Humanity over legality ~ Subrata Chowdhury
When I was two, I had a share of the ghastly experience which the subcontinent went through during the infamous communal riots in the wake of the Partition. Our house in north Calcutta was situated in a locality populated by the Hindus. From its terrace, hoisted in my mother&’s arm, I had seen torrid flames grilling the sky on the other side of river Ganges. Salkia, a place populated by the Muslims, was up in flames.
The conflagration was in retaliation of what had happened at Kidderpore the earlier day. The following day, my mother had shut me up in a room. A clamour was on. The landlords of houses behind ours used to own three landaus driven by three coachmen and three attendants. All six of them were Muslims. Local Hindus led by a milkmaid, who had been provided with a free cowshed on a plot adjacent to our house by my grandparents, had decapitated the six cowered and cornered men. She then hollered pointing at our house that one more was in there.
In fact, Khuda Bux or Khudu mistry, whom we’d employ as a mason every now and then for over a decade, was inside our house then. Surreptitiously, my grandfather had asked Khudu to hide in the attic. Since ours was one of the respected families in the neighbourhood, we had a say in the locality. My grandfather, Kshitishchandra and his brother, Nareshchandra dispersed the frenzied mob dispersed.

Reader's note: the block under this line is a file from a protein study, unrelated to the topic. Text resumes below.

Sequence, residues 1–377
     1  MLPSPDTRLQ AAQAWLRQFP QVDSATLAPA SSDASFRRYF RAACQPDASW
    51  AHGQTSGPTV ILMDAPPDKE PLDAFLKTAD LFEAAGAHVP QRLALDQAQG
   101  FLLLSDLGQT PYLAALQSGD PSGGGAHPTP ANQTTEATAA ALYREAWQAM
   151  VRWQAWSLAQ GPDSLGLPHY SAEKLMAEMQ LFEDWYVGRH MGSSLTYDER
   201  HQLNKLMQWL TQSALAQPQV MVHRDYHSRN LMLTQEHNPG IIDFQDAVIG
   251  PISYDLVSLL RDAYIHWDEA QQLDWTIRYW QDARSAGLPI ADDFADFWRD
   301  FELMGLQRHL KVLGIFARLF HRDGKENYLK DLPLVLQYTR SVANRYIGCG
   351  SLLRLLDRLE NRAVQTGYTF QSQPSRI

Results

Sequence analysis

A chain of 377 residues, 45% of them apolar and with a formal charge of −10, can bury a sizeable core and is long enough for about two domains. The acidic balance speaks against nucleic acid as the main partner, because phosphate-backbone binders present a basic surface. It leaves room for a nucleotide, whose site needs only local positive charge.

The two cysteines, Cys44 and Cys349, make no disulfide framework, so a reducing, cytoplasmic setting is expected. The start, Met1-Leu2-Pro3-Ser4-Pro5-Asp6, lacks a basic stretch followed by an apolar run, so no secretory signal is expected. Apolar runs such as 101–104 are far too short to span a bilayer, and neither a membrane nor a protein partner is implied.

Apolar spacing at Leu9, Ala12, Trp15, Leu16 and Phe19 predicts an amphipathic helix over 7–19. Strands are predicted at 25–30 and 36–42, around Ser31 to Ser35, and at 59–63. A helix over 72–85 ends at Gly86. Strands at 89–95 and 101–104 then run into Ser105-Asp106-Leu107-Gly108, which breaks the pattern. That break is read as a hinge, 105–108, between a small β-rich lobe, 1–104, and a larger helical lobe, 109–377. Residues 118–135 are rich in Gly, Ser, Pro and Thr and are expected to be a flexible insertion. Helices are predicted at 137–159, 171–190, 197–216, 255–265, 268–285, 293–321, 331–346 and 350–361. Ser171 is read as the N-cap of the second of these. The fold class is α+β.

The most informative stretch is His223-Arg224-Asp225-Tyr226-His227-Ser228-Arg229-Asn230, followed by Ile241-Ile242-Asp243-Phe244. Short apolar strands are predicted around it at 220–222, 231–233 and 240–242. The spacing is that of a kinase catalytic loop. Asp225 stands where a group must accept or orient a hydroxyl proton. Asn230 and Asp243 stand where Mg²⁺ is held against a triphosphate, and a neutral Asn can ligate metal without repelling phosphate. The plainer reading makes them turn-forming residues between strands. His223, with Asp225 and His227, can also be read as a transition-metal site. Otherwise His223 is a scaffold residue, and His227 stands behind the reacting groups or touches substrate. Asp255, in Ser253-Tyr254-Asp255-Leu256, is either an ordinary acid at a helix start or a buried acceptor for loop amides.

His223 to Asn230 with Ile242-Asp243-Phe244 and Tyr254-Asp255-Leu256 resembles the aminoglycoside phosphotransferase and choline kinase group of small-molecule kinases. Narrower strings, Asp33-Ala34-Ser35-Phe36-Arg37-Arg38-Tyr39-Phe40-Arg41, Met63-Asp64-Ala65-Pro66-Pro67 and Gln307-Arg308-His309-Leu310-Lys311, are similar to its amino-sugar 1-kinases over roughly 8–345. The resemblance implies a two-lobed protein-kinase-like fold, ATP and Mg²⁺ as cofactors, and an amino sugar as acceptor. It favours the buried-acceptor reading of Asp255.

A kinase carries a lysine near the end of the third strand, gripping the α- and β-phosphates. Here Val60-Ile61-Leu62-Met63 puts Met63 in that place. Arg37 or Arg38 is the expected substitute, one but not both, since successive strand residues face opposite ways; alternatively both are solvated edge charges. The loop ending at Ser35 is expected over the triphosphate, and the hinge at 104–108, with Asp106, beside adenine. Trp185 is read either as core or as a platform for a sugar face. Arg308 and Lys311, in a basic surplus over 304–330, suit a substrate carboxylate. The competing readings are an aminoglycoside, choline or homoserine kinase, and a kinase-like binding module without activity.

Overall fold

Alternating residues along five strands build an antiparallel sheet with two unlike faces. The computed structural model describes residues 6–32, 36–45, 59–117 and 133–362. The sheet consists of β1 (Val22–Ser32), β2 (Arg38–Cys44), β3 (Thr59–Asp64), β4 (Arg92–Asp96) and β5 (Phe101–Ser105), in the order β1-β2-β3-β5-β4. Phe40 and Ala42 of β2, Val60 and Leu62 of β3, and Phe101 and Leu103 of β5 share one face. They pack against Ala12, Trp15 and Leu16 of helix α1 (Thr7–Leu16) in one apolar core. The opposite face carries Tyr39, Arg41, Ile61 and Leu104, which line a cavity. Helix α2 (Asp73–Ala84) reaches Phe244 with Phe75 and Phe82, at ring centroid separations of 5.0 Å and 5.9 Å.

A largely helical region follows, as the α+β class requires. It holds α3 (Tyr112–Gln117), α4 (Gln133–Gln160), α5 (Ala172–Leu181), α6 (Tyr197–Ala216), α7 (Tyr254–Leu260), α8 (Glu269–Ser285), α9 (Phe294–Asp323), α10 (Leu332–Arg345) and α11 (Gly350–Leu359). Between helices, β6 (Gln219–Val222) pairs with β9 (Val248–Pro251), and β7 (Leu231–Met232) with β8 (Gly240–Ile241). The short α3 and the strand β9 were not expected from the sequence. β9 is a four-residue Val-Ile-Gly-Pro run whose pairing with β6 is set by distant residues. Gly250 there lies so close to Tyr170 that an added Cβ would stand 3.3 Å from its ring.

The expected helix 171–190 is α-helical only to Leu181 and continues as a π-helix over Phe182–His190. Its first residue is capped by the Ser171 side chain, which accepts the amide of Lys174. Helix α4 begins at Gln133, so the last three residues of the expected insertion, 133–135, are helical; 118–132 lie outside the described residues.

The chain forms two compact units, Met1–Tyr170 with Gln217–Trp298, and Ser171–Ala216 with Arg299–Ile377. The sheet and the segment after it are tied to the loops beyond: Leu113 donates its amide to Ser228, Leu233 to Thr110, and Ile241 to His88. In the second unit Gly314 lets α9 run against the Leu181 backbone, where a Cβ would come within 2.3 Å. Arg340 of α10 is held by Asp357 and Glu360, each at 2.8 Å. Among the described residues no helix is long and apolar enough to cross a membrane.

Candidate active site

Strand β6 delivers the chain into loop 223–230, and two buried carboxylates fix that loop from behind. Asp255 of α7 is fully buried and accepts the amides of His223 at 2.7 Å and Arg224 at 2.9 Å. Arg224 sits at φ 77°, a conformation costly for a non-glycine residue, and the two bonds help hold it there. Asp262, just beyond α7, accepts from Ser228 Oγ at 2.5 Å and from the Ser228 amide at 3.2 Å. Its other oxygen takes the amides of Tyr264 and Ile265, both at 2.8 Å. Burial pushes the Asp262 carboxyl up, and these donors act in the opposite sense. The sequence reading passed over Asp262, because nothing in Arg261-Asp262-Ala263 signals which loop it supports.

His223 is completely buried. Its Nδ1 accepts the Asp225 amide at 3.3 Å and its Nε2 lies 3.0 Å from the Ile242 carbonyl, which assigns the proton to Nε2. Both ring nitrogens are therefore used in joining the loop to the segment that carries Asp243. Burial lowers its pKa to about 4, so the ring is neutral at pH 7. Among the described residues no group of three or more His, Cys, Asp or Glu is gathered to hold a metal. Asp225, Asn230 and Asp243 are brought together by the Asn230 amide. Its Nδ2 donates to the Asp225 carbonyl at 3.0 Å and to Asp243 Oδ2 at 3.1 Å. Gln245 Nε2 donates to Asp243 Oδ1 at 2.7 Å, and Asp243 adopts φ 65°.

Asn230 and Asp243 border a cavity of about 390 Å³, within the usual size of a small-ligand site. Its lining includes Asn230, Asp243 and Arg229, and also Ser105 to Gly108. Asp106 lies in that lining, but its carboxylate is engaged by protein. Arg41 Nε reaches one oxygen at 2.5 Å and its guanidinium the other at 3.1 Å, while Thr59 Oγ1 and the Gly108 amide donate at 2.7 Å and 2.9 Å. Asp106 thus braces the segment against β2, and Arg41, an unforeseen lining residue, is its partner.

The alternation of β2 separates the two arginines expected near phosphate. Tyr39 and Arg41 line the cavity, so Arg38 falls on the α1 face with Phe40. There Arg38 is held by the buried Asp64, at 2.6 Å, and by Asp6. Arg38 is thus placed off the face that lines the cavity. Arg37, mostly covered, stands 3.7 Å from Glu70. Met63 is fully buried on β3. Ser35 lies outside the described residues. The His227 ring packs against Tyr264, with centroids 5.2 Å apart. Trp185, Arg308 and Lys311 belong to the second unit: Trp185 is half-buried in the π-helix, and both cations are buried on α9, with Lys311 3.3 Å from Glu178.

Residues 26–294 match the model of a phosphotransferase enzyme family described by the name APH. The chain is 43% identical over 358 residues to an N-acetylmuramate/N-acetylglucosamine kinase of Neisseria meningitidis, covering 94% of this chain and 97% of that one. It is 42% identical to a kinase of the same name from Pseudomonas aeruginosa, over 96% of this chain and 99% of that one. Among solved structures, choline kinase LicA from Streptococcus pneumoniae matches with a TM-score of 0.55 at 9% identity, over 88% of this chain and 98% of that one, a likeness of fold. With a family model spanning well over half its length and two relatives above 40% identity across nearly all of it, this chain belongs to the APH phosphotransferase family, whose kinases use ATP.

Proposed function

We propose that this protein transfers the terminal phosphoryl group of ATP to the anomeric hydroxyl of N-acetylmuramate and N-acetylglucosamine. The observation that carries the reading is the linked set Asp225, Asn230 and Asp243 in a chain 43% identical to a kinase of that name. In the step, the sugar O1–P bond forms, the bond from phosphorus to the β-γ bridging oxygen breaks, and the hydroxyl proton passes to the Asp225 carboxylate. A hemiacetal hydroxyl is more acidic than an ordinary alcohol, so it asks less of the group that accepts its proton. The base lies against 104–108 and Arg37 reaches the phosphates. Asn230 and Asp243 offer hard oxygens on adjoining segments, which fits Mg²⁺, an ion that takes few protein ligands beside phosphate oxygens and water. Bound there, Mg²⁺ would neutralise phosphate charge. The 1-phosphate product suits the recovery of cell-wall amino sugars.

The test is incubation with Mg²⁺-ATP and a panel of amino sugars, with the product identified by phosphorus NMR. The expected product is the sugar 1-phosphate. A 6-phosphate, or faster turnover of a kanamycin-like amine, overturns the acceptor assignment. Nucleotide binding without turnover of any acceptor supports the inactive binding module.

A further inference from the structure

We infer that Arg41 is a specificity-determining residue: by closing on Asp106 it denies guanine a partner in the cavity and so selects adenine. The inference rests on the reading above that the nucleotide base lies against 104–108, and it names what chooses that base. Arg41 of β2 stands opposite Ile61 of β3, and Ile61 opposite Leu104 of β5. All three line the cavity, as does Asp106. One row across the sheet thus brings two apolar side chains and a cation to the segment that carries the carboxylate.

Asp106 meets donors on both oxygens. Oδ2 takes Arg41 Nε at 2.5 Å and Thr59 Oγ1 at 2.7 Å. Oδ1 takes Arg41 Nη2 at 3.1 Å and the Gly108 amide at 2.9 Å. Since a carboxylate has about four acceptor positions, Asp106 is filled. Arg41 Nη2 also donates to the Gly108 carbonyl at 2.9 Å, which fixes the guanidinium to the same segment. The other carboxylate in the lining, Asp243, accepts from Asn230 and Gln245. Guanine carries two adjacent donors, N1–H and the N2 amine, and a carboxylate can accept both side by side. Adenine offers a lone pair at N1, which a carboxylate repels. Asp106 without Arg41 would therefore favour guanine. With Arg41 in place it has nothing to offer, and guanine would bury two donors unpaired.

Khudu was brought down from the attic. He sat cadaverously. At long last, he could utter, “Ma, amake ektu pani din (mother, please give me some water)”. When he had finished drinking the water, he clutched my granny&’s feet and kept on weeping.
Years later, when peace and harmony was restored, Khudu was still employed as a mason by our family every now and then. He also used to bring tidings from a very expansive stretch of land my grandfather used to own in Ekbalpore. The land was encroached upon and was occupied by Muslim refugees after the partition.
Around 1953, my grandfather had won a decree from the court to establish his possession on the land, but within a moratorium of seven days. Khudu&’s own house was in Ekbalpore and as such, he had a rapport with local Muslim goons. He opted to raze the slums which had come up on the land to the ground with the help of the goons, who agreed to take up the assignment in exchange of a lump sum.
One night, Khudu arrived with a truckload of goons, seeking my grandpa&’s green signal. 
My grandfather asked for a little time to ponder over the matter. After some time, he paid the agreed upon sum to the goons and told Khudu that he was going to drop the ‘massacre’. He had asked Khudu, “Where will the homeless go, and would not the goons bash the women folks and kids too? I don’t mind losing out in the legal battle and my land.”